“Currently, our situation is that we will agree to this,” said Franz Tost of AlphaTauri. “Because I think that the infrastructure is a very important performance differentiator, and if you have more money to spend there, this will also help to increase the performance of the car. Therefore, we are in favour of it.”

Alpine team principal Otmar Szafnauer is also keen to see a capex allowance introduced, with the Enstone outfit eyeing a major gearbox dyno project that it wants to put in place. However, Szafnauer concedes that some rivals need more help,.

“We don’t need as much as some others,” he said. “When the FIA asked me what we would vote for, I am not so selfish to say I just want what I want, and you guys can’t.

“What it is about is having it be a level playing field. There are a couple of scenarios on the table now and I hear there may be a third in the meeting, so I will vote accordingly.

“It just needs to be a level playing field. The infrastructure that we have and the tools that we have are really important to find performance, and we need to have similar tools.

Pierre Gasly, Alpine A523, Esteban Ocon, Alpine A523, Charles Leclerc, Ferrari SF-23, in the queue to leave the pits

Pierre Gasly, Alpine A523, Esteban Ocon, Alpine A523, Charles Leclerc, Ferrari SF-23, in the queue to leave the pits

Photo by: Zak Mauger / Motorsport Images

"The cost cap is a good thing, but we didn’t think all that through at the time of freezing everything.”

Szafnauer noted recently that the NFL provides an interesting template for how F1 can try to level the playing field.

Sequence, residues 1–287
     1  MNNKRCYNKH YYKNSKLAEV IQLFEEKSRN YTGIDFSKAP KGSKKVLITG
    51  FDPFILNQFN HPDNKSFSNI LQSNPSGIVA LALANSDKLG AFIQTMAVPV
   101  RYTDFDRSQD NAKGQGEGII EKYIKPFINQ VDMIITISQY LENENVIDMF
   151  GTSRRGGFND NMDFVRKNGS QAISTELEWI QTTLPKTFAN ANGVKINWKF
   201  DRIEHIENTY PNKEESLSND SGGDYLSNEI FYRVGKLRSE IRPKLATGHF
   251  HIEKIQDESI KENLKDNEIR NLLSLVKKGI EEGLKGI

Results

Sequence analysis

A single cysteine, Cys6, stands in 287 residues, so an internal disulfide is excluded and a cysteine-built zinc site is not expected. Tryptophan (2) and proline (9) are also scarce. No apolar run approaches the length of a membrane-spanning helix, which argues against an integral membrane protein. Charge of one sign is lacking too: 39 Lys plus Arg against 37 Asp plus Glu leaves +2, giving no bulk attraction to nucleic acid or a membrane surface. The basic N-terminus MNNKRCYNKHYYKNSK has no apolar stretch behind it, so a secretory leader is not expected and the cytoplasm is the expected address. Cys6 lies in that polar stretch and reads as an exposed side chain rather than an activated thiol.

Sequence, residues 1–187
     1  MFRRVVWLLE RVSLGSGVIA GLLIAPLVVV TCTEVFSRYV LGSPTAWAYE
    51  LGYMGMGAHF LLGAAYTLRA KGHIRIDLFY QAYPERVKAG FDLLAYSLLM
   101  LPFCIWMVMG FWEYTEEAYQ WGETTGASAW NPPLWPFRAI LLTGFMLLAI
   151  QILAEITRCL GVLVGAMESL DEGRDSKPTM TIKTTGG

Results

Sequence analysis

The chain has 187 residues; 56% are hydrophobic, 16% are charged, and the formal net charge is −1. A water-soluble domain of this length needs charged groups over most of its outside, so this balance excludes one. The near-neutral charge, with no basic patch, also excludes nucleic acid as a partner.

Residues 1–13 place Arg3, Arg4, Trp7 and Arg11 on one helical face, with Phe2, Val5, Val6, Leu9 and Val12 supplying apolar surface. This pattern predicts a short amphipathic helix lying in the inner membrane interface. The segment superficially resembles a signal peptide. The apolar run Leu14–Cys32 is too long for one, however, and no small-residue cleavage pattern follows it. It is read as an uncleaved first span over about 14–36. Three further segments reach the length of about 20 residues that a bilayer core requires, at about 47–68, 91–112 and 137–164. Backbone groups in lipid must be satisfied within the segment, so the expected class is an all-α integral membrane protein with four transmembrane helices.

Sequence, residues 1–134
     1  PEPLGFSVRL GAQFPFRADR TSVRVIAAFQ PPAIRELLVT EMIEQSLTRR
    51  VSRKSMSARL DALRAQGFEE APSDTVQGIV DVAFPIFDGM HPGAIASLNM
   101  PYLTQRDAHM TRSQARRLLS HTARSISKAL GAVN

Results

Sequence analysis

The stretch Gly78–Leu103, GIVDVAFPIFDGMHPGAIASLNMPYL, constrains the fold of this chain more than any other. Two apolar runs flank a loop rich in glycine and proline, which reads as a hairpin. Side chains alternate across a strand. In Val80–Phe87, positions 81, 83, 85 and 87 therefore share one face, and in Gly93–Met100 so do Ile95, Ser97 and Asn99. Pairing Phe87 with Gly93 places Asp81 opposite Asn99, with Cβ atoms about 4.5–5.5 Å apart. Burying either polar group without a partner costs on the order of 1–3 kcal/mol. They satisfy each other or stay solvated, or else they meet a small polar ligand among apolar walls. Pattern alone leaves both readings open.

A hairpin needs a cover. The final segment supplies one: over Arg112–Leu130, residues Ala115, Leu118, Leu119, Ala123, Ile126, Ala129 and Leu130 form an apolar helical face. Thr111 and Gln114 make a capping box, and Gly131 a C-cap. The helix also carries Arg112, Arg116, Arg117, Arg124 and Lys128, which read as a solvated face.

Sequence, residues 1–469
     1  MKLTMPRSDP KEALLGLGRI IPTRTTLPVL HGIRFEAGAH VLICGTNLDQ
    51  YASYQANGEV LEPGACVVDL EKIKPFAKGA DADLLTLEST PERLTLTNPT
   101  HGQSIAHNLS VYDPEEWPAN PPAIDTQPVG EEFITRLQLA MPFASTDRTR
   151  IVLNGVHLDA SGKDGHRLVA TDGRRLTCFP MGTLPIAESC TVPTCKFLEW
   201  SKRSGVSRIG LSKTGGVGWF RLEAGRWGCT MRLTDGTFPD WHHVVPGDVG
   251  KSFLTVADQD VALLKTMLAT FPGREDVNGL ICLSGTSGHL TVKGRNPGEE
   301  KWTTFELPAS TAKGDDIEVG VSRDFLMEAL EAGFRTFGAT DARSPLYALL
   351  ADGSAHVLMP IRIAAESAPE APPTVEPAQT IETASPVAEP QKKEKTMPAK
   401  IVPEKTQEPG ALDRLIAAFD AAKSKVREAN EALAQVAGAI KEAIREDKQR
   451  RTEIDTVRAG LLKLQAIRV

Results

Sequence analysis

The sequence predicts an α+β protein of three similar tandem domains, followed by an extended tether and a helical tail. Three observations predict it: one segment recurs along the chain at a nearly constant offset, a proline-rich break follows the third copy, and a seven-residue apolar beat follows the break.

F1 teams that want to see change were given extra encouragement after a recent meeting with the head of the organisation.

“It’s important to see the bigger picture,” said Szafnauer. “In Canada Liberty and F1 invited the teams to meet with Roger Goodell, the commissioner of the NFL. His big message was what the NFL has done since the mid-60s has been focused on getting the NFL itself to a much, much higher level.

“And with doing so, every one of the teams that is part of the NFL also went to a higher financial level. That was basically his message.

“They have a salary cap, and they also have the draft, where the bottom team gets the best player, and all that kind of stuff. In fact that’s where our aerodynamic testing restrictions concept came from, the sliding scale of the ATR, so that if you finish last, you get more wind tunnel time.

“And Roger said to us that yes, F1 has broken through in the US now, but make sure that you focus on taking the next steps to get it to a higher level everywhere around the world, and especially in America.

“And he said that if you can do that with the entire series, all the teams will benefit too.

"Capex equalisation goes towards being able to do that – closer racing, better racing, not having just one team winning all the time. And then if the fans enjoy it more, it raises the entire sport.”

Be part of the Autosport community

Join the conversation
Previous article How Verstappen's Hungary F1 qualifying pain was his race day gain
Next article Hamilton: Hungarian GP slump “reality” of Mercedes F1 form

Top Comments

There are no comments at the moment. Would you like to write one?

Sign up for free

  • Get quick access to your favorite articles

  • Manage alerts on breaking news and favorite drivers

  • Make your voice heard with article commenting.

Autosport Plus

Discover premium content
Subscribe